Robbie McNamara would not necessarily enjoy the description of him, but he is an inspiration.
The 28-year-old was paralysed below the waist in April 2015, when his mount in a minor race at Wexford came down the day before he was due to travel to Britain to line up in the Aintree Grand National for a second time.
He was the last jockey to sustain the same kind of life-changing injuries that have affected Freddy Tylicki since his fall in a Flat race at Kempton in October, and now trains 38 horses from his wheelchair.
A long list of injuries led to months of treatment and rehabilitation, but McNamara – whose cousin John Thomas McNamara was paralysed when falling at Cheltenham in 2013, and died three years later – simply won’t acknowledge the word ‘disability’ nor let it interrupt his life.
And he will not thank anyone for suggesting otherwise.
“I don’t ‘deal’ with it,” McNamara told BBC Radio 5 live, firmly. “I get up in the morning and just go to work. There’s not a cloud hanging over me. It doesn’t bother me.
“What does bother me is when I go racing and people say ‘oh, it’s great to see you out’ or stuff like that. That annoys me.
“I’m probably making more money than them, I’m probably happier than they are, I probably drive a better car, I live in a nicer house and they’re taking pity on me, and it drives me mad. But it spurs me on.”
For obvious reasons, the extent of Tylicki’s injuries chimed particularly strongly.
Like thousands of others, McNamara witnessed the four-horse pile-up in a routine Kempton race and has been struck by the outpouring of sympathy from across horse racing – Flat and National Hunt – following the incident.
At Clunemore stables in Irish racing’s Curragh HQ, there was a grim feeling of familiarity.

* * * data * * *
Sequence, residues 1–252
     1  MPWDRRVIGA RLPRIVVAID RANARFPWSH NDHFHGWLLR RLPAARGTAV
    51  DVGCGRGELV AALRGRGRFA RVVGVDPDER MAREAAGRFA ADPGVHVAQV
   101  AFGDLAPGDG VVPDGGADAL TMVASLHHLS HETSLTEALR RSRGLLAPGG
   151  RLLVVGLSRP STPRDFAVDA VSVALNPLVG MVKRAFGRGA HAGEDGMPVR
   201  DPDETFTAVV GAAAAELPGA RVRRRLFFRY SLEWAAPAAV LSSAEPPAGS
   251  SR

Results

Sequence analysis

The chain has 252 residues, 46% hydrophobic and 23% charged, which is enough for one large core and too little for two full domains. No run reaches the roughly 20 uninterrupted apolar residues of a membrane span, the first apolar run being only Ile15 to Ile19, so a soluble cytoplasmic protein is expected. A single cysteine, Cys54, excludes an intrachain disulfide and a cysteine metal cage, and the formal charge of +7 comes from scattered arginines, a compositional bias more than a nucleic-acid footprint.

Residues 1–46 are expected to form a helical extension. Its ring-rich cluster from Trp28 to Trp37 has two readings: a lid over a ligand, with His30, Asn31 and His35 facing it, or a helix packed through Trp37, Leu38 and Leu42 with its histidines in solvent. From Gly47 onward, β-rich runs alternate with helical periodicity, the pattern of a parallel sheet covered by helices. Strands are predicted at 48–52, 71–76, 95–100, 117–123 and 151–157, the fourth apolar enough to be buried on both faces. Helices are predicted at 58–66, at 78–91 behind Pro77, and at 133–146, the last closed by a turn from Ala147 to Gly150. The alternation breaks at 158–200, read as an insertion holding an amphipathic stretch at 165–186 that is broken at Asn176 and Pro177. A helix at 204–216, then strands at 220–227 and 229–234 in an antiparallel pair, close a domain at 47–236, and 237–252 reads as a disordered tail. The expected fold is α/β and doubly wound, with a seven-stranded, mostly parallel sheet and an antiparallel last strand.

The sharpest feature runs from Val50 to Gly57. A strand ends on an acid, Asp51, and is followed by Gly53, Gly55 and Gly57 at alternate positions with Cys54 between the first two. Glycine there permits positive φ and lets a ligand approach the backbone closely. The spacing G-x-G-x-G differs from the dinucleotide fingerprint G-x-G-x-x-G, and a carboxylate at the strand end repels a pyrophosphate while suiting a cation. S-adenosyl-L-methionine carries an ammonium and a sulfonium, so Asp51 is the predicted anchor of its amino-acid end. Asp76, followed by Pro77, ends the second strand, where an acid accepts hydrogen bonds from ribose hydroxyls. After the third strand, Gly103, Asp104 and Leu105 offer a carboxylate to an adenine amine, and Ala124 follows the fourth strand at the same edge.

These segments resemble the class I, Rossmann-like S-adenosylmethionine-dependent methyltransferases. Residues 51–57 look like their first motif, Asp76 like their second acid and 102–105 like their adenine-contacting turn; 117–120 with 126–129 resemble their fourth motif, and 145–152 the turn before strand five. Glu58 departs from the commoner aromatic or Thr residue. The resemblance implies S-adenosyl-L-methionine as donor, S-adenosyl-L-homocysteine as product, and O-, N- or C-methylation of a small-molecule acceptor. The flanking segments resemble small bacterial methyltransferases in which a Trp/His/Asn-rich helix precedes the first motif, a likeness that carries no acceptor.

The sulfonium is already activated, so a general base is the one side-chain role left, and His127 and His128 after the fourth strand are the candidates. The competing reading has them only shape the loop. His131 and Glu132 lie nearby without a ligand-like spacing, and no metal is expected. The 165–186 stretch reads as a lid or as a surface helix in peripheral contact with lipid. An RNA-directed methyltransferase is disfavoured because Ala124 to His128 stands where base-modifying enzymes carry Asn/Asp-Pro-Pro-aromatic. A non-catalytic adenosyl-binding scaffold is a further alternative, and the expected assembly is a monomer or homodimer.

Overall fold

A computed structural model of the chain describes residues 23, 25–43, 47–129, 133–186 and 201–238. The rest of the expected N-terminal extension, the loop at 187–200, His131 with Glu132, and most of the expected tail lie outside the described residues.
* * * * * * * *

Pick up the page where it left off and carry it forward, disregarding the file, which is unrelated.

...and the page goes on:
“When the doctor came out and said he is paralysed so early, it was a definitive answer, which I think was better, ” said McNamara, who was on the same course as Tylicki’s sister Madeleine prior to them both receiving trainers’ licences.
“One thing that annoyed me a bit was that I kind of accepted it after two or three weeks, but people around me were saying it might be [less serious] spinal shock.
“Being realistic is important. He’s been dealt his hand and he has to get on with it. It’s not going to be pleasant – it’s a horrible road ahead – but he knows what he has and at least he knows he can get on, whereas I was waking up wishing and hoping all day.”
While acknowledging everyone must come to terms with their situation in their own way, McNamara has told Madeleine Tylicki he is willing to speak to Freddy if she thinks it would help.
Seeing McNamara wheeling himself around the stables or transferring smoothly from the chair into his car before handing down instructions to the riders on the gallops seems to confirm his insistence that anything and everything is possible.
His first runners, at Cork in July, provided McNamara with just the sort of instant impression he had planned – two wins and a second place – plus the added advantage of giving the “pitying brigade something else to talk about other than the accident and the wheelchair”.
His training philosophy involves “keeping horses happy”, learnt when working for master trainer Dermot Weld; improved levels of core fitness observed on mornings riding for Willie Mullins, Ireland’s champion jumps trainer; and the latest sports science and technologies.
McNamara has big ambitions, too, with the jump racing festivals at Cheltenham, Aintree – where he’s aiming bumper-horse Rathcannon at a race on the Grand National undercard next April, and Punchestown in his sights, as well as the major Flat prizes across Ireland and Britain.
During 11 successful seasons race-riding, McNamara was renowned for his two wins at the 2014 Cheltenham Festival, his style in the saddle, and for his inevitable sibling rivalry with brother Andrew, who was also unfeasibly tall.
Both are now trainers and you cannot help thinking McNamara is relishing the chance to take on his elder sibling. “I’ll leave him behind quick enough,” he said, grinning.
There is, indeed, no cloud hanging over this guy.
You can hear more from McNamara on BBC 5 Live Sport from 19:00 GMT on Thursday
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